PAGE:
follow.


Review
      In the first part of your essay’s body, you write a summary of each of the works.
Concentrate on the parts that directly relate to your theme. Ignore parts which are unrelated.
Each work may be dealt with in as a separate section in the body of your essay. Alternatively,
you might divide your essay into topical sections (e.g.: authors, perspectives, strengths,
weaknesses) and write about one aspect of each work in each section.

       Tip: Use quotations to support your points. However, less than 20 percent of your text
should be direct quotations. All quotations from the books and articles being reviewed should
include only page references. Material from other sources should include a full reference.

          The author and the author’s intent. Write a one paragraph biographical sketch that
highlights the author’s qualifications and background. Focus only on details that are relevant
to the work, which may include academic and professional positions, personal achievements,
and previous articles and books. With special attention to any prefatory or introductory
material, describe the author’s admitted or implied intentions in writing the work. Consider
where and when the author wrote the work, noting important influences.

       Content. State the thesis of the work (relevant to your theme) and summarize the
work’s support of this thesis. Focus on ways this work sheds light on your theme.
       Strengths and weaknesses. Describe the style and substance of the work. Note if the
work contain interesting stories and sufficient evidence. Also note where the work contains
irrelevant information and faulty logic. Does the writing style help or hinder the descriptions
and arguments.

       General impression. Compose a statement giving your single impression of the work.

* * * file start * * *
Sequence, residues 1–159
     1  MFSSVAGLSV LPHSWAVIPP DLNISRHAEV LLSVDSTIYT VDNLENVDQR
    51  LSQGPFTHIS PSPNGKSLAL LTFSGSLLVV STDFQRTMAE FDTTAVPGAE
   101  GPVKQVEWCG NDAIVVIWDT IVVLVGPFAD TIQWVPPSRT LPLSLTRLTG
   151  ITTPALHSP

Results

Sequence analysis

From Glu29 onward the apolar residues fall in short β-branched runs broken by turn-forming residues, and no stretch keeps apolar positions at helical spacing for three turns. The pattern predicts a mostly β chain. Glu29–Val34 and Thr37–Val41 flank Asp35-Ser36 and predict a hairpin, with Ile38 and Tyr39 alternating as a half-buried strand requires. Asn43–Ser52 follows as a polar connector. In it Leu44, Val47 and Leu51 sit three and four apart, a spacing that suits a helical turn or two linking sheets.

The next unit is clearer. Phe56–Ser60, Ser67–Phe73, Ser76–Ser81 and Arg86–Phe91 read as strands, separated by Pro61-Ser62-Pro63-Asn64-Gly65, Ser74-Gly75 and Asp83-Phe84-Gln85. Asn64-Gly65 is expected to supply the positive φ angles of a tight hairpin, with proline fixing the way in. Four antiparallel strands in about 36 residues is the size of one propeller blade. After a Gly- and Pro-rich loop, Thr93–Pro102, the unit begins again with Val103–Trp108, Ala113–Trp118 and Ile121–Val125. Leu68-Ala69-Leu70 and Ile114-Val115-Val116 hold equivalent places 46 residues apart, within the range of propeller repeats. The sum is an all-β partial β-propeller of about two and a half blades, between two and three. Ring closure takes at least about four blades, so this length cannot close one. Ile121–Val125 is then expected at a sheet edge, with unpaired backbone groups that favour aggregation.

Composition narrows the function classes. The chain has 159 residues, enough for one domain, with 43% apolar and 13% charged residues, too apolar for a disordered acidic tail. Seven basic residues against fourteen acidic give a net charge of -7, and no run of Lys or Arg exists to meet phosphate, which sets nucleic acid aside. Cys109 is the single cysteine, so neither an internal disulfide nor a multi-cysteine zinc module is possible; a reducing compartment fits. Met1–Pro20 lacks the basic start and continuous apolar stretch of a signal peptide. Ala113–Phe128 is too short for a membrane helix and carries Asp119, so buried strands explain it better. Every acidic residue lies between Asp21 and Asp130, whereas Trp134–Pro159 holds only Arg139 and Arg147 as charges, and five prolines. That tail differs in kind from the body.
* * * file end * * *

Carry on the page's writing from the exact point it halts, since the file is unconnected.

Synthesis
        In the second part of your essay’s body you discuss what the works collectively tell us
about your theme. Note how the treatments of the theme differs from traditional treatments in
classic texts or textbooks. Note where the works agree. Note where the works disagree. Point
out when and why the treatment of the theme is adequate or inadequate. Interweave personal
and outside evidence that support your arguments. State how your personal opinions have
been influenced by these works. This is the section where creativity and originality count the
most. If you are particularly innovative, you may integrate the synthesis section into the
review section.


Conclusion
       Rephrase your introduction, restating your thesis and key supporting arguments. The
conclusion should be forceful. Depending on your thesis some options include:
    Ÿ Tell the reader what action they should take. (At a minimum, suggest which works
       should be read and which should be ignored.)
    Ÿ Say what thought or practice you will change, based on what you learned from the
       works.
    Ÿ Explain how public administration theory or practice has changed or should change.
    Ÿ Predict the future course of events.

       Tip: Write your conclusion first. When you construct your arguments, you will know
where you are supposed to be going. If you feel the need to introduce completely new ideas in
the conclusion, something is wrong with the essay.